Microsoft’s OpenHack Machine Learning Meetup

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When I thought of writing my next post on this meetup, I asked myself,”When will I start writing about anything other than the events I go to?” Though I did write few blogs which are not about any meetups or events, most of the blogs so far have been about the sessions/talks I attended. One of the reasons that compel me to write about such events is the amount and variety of information and knowledge one can get by attending a meetup/session that lasts for a couple of hours. These are insights, advice, tips and words spoken and shared from experiences which we don’t often find from courses or text books. OpenHack’s open community meetup was nothing short of such an event that gave every single attendee many useful insights.

OpenHack Machine Learning is a 3-day event organised by Microsoft in which shortlisted people form groups and work on solving challenges using ML. Though it would have been really good to be part of the 3-day event, it needed an invite which I didn’t have. As part of the agenda for Day 1, they had an open community discussion in the evening which was open for everyone. It was Nigel Parker, Chief Engineer at Microsoft who started the session. He showed us few examples of image labelling which the model got wrong explaining how having the right data is important to obtain better results. Computer Vision is his area of interest and he shared some informative slides on Deep Learning and Computer Vision.

In a typical ML project, feature extraction is a key step. This is handled by itself in Deep Learning and so it reduces so much work. Classification, object detection, image segmentation and image similarity are some of the tasks that widely use Deep Learning models. Alexnet, VGG, GoogleNet, ResNet are some of the model architectures that are used. Currently, ResNet that was developed by Microsoft Research is giving very good results. It also proved that the model can do well even when it is 150 layers in depth. When it comes to the human eye, processing/understanding an image gets better as the resolution increases. But for Deep Learning models, it’s necessary to have input in right resolution keeping in mind the computational demands. He talked about ONNX(Open Neural Network Exchange) which is an open source format for AI models. He also recommended reading the book How to Create a Mind by Ray Kurzveil.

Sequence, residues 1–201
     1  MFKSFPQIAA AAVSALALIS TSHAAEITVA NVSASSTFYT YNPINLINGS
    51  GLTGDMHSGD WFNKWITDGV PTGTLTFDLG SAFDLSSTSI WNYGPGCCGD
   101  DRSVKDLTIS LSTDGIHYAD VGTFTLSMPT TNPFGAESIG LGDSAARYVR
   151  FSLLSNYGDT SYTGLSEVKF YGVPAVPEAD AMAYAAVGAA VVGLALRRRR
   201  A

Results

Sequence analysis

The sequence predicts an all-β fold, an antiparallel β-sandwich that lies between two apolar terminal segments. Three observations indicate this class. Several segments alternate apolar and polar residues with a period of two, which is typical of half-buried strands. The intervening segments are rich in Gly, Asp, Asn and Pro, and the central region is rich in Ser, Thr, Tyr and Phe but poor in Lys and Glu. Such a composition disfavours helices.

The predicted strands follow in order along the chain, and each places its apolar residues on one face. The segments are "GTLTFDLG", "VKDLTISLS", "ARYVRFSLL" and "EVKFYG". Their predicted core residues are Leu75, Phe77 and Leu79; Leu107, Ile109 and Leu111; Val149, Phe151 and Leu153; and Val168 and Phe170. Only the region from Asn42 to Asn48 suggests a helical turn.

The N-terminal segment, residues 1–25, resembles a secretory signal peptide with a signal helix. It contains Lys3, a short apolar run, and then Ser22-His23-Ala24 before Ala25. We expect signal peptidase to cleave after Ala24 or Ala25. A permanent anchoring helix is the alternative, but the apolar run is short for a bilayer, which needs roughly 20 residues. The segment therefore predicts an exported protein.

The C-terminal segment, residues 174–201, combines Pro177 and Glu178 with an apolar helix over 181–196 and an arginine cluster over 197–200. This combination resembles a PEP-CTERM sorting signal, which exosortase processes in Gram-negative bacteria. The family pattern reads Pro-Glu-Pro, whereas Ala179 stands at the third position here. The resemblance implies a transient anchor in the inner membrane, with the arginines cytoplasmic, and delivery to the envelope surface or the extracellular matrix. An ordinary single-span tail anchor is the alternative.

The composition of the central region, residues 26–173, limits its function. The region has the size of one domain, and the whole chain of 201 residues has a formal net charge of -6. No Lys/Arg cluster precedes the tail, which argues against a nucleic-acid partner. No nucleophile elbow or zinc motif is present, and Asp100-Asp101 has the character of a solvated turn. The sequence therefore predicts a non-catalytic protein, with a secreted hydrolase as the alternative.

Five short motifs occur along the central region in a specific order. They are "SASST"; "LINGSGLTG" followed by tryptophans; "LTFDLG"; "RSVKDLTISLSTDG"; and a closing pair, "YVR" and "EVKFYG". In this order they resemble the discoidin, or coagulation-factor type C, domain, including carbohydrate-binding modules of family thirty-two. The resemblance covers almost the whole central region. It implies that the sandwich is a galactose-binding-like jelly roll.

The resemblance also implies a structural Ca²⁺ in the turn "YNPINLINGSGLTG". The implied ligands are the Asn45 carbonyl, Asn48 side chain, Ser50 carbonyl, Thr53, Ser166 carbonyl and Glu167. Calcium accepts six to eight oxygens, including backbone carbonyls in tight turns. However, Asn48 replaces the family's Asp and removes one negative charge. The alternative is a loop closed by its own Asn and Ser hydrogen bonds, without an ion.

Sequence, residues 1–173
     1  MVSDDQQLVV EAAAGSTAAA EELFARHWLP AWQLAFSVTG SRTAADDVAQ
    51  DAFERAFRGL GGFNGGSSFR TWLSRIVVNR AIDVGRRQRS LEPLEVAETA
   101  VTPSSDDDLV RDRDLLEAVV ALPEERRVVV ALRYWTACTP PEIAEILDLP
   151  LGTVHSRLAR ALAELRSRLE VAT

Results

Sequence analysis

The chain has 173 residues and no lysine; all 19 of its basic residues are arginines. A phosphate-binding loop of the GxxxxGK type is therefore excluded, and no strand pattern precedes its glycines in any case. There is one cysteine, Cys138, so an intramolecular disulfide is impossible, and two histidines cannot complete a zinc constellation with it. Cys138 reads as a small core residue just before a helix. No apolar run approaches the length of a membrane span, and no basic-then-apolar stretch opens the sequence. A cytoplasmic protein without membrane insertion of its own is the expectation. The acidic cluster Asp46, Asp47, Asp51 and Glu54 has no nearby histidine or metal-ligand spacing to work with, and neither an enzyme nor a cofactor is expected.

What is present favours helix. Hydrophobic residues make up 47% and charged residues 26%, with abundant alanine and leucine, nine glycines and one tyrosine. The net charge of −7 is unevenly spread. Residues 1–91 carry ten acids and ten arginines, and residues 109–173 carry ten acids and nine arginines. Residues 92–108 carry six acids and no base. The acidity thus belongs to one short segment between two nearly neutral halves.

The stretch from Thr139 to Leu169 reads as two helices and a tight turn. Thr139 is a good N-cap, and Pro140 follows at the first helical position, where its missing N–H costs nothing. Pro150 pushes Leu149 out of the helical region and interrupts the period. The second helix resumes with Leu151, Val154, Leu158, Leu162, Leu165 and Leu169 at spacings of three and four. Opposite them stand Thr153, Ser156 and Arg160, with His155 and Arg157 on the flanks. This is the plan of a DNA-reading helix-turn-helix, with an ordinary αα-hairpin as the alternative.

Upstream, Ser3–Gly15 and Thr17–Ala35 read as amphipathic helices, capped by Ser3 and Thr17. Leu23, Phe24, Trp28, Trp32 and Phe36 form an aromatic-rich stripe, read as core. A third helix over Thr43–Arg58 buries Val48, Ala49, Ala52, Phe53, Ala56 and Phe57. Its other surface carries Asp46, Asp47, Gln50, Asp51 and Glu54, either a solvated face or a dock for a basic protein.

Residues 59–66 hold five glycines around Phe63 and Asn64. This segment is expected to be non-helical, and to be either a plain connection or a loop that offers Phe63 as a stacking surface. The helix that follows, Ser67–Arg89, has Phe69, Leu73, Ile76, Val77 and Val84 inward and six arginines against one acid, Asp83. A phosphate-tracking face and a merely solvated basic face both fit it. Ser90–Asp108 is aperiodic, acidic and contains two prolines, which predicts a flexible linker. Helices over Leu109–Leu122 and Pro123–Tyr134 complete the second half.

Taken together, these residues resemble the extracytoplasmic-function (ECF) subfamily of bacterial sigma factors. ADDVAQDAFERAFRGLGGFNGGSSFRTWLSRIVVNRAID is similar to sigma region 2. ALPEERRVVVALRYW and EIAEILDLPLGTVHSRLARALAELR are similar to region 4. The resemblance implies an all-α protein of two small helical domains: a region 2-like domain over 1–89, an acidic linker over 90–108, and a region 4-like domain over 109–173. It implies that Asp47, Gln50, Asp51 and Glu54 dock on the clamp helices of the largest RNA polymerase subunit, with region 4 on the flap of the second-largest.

Chris Auld, a Software Engineering Manager at Microsoft who came next onto the stage, had a slide in his presentation that says, “Microsoft loves Linux”. And he didn’t hesitate to recommend Linux for doing Machine Learning development. He talked about how he and his team works on making the Machine Learning/Deep Learning models better. The kind of model architectures that are being used along with huge amount of data that is available, makes it mandatory to have the required computation power that can afford the demands of such models and data. Distributed training becomes necessary as a part of handling all that.

After having two speakers whose talks were very informative and helpful, there was a panel discussion. Besides the two speakers, three others from Microsoft joined the panel - Neil Hutson, Micheleen Harris and Hannah Krager. There were some interesting questions asked and discussed like how much of Microsoft’s Machine Learning stack is open source, how much of ML applications that are being proposed is hype and what is practically achievable, how having large dataset isn’t enough as long as it doesn’t have the right data(heard about the Russian Tank story? Click here). AI is already being used in many fields. It’s being used for early detection of some diseases so that they can be diagnosed and cured. With many promising possibilities ahead, AI is already so much part of our lives.

It was a very engaging session throughout and I got to know a lot of things. Thanks to Jeeva who organised the meetup and gave us a chance to meet the engineering leaders. Thanks to Nigel who was kind enough to spend almost another hour and half post the panel discussion, answering our questions, giving suggestions on how to get started with the implementation of some ML ideas and sharing his thoughts and experiences.

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